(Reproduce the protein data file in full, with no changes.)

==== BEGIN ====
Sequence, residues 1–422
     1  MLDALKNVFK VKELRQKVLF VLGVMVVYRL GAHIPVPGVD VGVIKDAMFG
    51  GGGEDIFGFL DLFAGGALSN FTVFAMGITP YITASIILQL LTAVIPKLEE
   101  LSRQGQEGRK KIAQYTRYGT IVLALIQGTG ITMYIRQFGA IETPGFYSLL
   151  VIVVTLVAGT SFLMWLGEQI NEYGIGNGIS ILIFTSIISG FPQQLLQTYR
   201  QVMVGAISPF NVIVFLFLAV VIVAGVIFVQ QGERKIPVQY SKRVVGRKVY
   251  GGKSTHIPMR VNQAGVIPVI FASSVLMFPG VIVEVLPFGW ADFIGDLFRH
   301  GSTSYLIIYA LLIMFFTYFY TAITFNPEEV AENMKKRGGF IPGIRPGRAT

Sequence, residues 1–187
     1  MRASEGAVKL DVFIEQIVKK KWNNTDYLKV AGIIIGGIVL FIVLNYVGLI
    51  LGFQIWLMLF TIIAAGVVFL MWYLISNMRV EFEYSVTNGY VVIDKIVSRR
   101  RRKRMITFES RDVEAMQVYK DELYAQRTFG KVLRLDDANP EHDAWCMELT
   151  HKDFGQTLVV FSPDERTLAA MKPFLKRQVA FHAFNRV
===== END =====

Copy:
Sequence, residues 1–422
     1  MLDALKNVFK VKELRQKVLF VLGVMVVYRL GAHIPVPGVD VGVIKDAMFG
    51  GGGEDIFGFL DLFAGGALSN FTVFAMGITP YITASIILQL LTAVIPKLEE
   101  LSRQGQEGRK KIAQYTRYGT IVLALIQGTG ITMYIRQFGA IETPGFYSLL
   151  VIVVTLVAGT SFLMWLGEQI NEYGIGNGIS ILIFTSIISG FPQQLLQTYR
   201  QVMVGAISPF NVIVFLFLAV VIVAGVIFVQ QGERKIPVQY SKRVVGRKVY
   251  GGKSTHIPMR VNQAGVIPVI FASSVLMFPG VIVEVLPFGW ADFIGDLFRH
   301  GSTSYLIIYA LLIMFFTYFY TAITFNPEEV AENMKKRGGF IPGIRPGRAT

Sequence, residues 1–187
     1  MRASEGAVKL DVFIEQIVKK KWNNTDYLKV AGIIIGGIVL FIVLNYVGLI
    51  LGFQIWLMLF TIIAAGVVFL MWYLISNMRV EFEYSVTNGY VVIDKIVSRR
   101  RRKRMITFES RDVEAMQVYK DELYAQRTFG KVLRLDDANP EHDAWCMELT
   151  HKDFGQTLVV FSPDERTLAA MKPFLKRQVA FHAFNRV